Relative size and alignment of Dawn’s six science orbits at Ceres

Relative size and alignment of Dawn’s six science orbits at Ceres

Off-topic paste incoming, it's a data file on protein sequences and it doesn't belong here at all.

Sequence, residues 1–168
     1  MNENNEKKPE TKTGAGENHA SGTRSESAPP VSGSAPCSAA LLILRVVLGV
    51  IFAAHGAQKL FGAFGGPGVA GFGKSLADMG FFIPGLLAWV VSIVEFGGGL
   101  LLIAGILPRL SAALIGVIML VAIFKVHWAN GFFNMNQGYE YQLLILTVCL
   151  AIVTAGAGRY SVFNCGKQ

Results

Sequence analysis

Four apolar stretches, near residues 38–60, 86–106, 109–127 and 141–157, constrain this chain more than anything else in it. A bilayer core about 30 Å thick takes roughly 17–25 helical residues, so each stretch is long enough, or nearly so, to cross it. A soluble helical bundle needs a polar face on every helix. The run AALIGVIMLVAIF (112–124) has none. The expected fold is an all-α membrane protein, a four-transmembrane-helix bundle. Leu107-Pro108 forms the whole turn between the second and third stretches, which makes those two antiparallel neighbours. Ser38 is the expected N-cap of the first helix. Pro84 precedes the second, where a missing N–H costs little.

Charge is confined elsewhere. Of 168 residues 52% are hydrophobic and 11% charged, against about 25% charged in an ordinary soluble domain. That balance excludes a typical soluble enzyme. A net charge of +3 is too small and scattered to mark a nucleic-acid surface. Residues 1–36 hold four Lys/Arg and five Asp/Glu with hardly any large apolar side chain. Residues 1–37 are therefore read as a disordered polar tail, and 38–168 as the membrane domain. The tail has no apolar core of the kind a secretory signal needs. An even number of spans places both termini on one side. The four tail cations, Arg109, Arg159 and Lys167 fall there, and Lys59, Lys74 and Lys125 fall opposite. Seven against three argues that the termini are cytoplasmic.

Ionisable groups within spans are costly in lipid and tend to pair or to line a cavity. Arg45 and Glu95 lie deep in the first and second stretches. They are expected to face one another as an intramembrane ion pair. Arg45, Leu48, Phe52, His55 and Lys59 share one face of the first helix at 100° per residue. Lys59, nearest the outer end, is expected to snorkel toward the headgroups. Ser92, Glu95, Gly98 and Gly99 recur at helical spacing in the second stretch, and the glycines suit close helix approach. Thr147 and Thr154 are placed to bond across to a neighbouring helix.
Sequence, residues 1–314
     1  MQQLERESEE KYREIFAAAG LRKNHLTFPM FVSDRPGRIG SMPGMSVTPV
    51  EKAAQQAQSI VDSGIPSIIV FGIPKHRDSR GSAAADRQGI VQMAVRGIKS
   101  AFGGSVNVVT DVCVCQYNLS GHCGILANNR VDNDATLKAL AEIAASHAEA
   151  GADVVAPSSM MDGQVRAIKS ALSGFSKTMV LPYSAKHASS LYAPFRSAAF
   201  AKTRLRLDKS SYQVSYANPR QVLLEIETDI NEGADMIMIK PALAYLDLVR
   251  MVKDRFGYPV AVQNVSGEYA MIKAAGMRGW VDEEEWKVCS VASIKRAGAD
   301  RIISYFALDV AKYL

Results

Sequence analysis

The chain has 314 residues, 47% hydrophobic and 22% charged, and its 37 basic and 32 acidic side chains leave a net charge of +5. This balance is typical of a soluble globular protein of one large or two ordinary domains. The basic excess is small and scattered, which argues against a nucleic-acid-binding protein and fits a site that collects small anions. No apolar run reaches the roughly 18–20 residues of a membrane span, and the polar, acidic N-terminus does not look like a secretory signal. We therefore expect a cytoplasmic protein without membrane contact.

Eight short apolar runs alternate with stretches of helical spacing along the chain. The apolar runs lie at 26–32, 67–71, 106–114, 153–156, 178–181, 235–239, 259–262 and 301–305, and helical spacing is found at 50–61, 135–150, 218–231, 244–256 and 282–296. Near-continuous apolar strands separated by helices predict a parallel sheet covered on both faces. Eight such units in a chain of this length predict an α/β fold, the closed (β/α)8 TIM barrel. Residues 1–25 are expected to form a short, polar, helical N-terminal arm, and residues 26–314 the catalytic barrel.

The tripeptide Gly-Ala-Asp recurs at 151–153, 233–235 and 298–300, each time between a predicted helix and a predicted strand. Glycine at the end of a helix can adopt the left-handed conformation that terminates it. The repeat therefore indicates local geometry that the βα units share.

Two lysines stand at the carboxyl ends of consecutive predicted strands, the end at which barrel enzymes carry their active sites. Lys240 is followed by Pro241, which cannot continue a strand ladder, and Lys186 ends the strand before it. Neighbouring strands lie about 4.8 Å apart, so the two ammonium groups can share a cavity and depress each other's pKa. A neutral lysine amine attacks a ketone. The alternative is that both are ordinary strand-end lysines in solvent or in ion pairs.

Relative size and alignment of Dawn’s six science orbits at Ceres This illustrates (and simplifies) the relative size and alignment of Dawn’s six science orbits at Ceres. We are looking down on Ceres’ north pole. The spacecraft follows polar orbits, and seen edge-on here, each orbit looks like a line. (Orbits 1, 2 and 6 extend off the figure to the lower right, on the night side. Like 3, 4 and 5, they are centered on Ceres.) The orbits are numbered chronologically. The first five orbits were circular. Orbit 6, which is XMO3, is elliptical, and the dotted section represents the range from the minimum to the maximum altitude. With the sun far to the left, the left side of Ceres is in daylight. Each time the spacecraft travels over the illuminated hemisphere in the different orbital planes, the landscape beneath it is lit from a different angle. Ceres rotates counterclockwise from this perspective (just as Earth does when viewed from the north). So higher numbers correspond to orbits that pass over ground closer to sunrise, earlier in the Cerean day. (Compare this diagram with this figure, which shows only the relative sizes of the first four orbits, with each one viewed face-on rather than edge-on.) Click on this image for a larger view. NASA / JPL-Caltech

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